For over 25 years, CIPE has been tirelessly working with business leaders, policymakers, and journalists to build the civic institutions vital to a democratic society and has recently concluded an Impact Evaluation exercise of its 25 Years effort of strengthening democracy through market- oriented reform. In CIPE’s own words, and in line with CIPE’s commitment to learning as an organization, the 25 years review “assesses the impact of CIPE’s efforts and contributes to our understanding of what drives democratic and market reforms (CIPE, 2010).” Such high quality Evaluation reports are good addition to the knowledge management resource collection and are very useful as it lends the biggest opportunity to learn from a quarter century long development efforts around the world on multiple key issues, sectors, programs and could be a good learning and bench marking practice for like organizations to follow suite. “The 25-Year Impact Evaluation presents two opportunities: to take stock of progress made and lessons learned, and to build this knowledge into CIPE strategy for coming years”, argues the evaluation document. This 25-year evaluation report considers the success of different program themes, types of projects (in-house – those managed directly by CIPE– versus partnership projects – those managed by local partner organizations), types of partners, the country conditions that may affect a project, and project size (CIPE, 2010). CIPE’s Knowledge Management programs serve the twofold purposes of seizing lessons learned from present and past initiatives, and helping CIPE partners learn, adapt and apply these lessons and find new solutions to democratic and market reform challenges (CIPE, 2007).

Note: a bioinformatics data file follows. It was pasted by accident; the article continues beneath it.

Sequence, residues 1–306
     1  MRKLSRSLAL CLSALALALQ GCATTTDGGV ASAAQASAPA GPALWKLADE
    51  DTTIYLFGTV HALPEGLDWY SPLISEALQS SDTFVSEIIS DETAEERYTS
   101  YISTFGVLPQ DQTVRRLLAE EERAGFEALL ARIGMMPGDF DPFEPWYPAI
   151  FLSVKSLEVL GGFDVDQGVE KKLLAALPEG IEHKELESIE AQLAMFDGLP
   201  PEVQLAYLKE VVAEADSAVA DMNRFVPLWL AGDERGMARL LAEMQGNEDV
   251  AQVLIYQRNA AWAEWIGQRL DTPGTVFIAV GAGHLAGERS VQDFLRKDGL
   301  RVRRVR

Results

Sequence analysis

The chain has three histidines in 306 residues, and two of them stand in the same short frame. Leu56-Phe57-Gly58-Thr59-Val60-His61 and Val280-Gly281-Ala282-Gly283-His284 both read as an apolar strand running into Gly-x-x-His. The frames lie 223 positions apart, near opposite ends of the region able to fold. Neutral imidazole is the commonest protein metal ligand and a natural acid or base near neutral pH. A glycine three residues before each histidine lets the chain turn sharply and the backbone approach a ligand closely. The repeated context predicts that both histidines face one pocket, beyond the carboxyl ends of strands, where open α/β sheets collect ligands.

This internal evaluation study reviews the endeavors and presents findings, lessons, and recommendations based on CIPE’s overall portfolio of democracy assistance programs from of the past 10 years (1999- 2008) and reflects on a quarter century of progress with internal review of more than 500 project reports. It embraces both micro-level project impact and macro-level performance trends of CIPE’s project portfolio. The Regional analysis part of the evaluation tries to look at the regional trends and findings for the last 10 years of CIPE projects. Each regional subsection (Africa, Asia, Central and Eastern Europe, EURASIA, Latin America and the Caribbean, Meddle Eats and North Africa, South Asia and Global) includes a analysis of the region’s projects by impact and examples of project successes and lessons learned in the region. Considerations of country conditions, Analysis of program themes and operating approaches, and recommendations for future approaches are respectively presented in detail in the document. It is intended to serve as learning and planning tool to help establish program goals, methods, and priorities (CIPE, 2010). Moreover, this document is a very useful knowledge resource for project managers, policy analysts, development planners, journalists, business leaders, Monitoring and Evaluation practitioners alike.